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Jaime Gerber
Aplastic Anemia

There was blood everywhere. Wherever you looked in the room, crowded with emergency teams and hospital gear, there were mounds of crimson, surrounded by little lakes of thinner burgundy oozing out from the central goo into the bed sheets around. And on the floor. The floor was slippery with maroon nectar of life, the central essence of all humans, all animals. The flowing connector of all organs, and of all species of animal. The sight of large amounts of blood triggers a primordial fear in every living creature. The scent is never forgotten but not easily described. The innate reaction of terror, impending doom, death, horrible to see and more horrible to exit. 


And on her. And on us. And me. Especially me. I was up front in this fight. Not so for every battle, but definitely for this one. Annie. She was about my age. Also, about my height and build revealing her once athletic pursuits that she told me about during the long on call nights I spent hanging O+ bags of life’s sweet essence in order to balance her out for a while. 


Aplastic anemia. Bad back then. Now maybe not as much, with transplants and such. But back then in my internship it was among the worst diagnoses to give. To garner, even worse. A relentless slide into increasing antibodies against all blood products, allergic reactions, wicked hemolysis where your own cells burst from the onslaught of antibodies confused by all the transfusions. Until your liver finally caved in and cirrhosis started. That’s what happened to Annie. It caught her blindsided. Never did she consider that the remaining parts of her once toned gymnasts frame would ever fail her. The marrow is hidden. Deep, where? But the liver. We all know about that. Where it is, what it looks like, the color and texture familiar from the meat case in the supermarket. How could that fail? And then what?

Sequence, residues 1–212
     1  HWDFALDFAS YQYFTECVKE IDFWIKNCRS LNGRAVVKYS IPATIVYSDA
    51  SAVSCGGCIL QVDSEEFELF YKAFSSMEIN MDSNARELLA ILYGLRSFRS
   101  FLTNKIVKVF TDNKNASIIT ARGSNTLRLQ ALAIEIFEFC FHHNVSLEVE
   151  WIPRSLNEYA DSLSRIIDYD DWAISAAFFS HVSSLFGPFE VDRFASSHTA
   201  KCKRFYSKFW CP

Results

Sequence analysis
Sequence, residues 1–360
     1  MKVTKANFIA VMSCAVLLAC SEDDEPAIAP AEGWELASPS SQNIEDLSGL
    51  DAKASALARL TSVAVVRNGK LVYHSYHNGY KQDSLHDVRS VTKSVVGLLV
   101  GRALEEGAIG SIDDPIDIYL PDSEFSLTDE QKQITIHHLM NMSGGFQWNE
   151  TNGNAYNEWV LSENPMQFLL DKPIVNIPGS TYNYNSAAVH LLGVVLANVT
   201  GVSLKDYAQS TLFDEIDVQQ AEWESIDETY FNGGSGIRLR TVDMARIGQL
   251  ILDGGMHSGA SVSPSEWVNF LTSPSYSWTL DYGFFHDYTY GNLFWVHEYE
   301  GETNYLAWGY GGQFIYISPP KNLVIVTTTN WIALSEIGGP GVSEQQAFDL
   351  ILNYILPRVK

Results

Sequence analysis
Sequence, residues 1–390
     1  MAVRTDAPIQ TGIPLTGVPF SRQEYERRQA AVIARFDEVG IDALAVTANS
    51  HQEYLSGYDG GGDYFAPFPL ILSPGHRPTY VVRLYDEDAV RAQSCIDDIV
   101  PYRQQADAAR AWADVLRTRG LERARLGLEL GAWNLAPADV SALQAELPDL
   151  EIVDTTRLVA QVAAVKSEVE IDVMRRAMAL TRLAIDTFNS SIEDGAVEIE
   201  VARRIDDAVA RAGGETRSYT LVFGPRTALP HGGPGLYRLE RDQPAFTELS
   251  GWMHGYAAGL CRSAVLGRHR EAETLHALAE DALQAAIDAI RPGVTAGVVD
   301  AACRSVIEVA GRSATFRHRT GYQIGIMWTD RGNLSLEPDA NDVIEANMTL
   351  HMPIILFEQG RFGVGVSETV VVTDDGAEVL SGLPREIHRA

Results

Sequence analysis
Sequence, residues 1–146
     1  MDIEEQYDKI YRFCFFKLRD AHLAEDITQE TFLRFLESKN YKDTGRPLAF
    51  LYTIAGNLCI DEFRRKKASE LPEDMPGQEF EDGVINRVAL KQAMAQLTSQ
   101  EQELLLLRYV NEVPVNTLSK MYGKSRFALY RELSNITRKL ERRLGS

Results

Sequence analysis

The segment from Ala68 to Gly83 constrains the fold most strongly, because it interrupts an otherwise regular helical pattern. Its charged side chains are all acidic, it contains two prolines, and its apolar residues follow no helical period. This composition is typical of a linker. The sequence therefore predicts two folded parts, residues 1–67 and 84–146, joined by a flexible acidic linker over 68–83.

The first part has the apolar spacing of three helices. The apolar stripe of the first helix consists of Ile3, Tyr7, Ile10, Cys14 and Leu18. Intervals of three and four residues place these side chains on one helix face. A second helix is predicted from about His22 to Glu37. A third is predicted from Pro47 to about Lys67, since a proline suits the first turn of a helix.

Massive bleeding veins in the stomach. Varices. Uncle Bobby had them on his leg. How bad could it be? Blood everywhere. At first a minor cough and a feeling of nausea, Upchucking just a little, like a bad taco. Look down horrified at the vibrating, throbbing clot in the Kleenex. Q moment of false quiet. Thes sense of dread as the salty, angry taste welled up in the back of her throat. A cough. Violent. Not like a cold, but a deep expulsion of evil humors rotting away inside. Then the blood. Everywhere. Then the silence.

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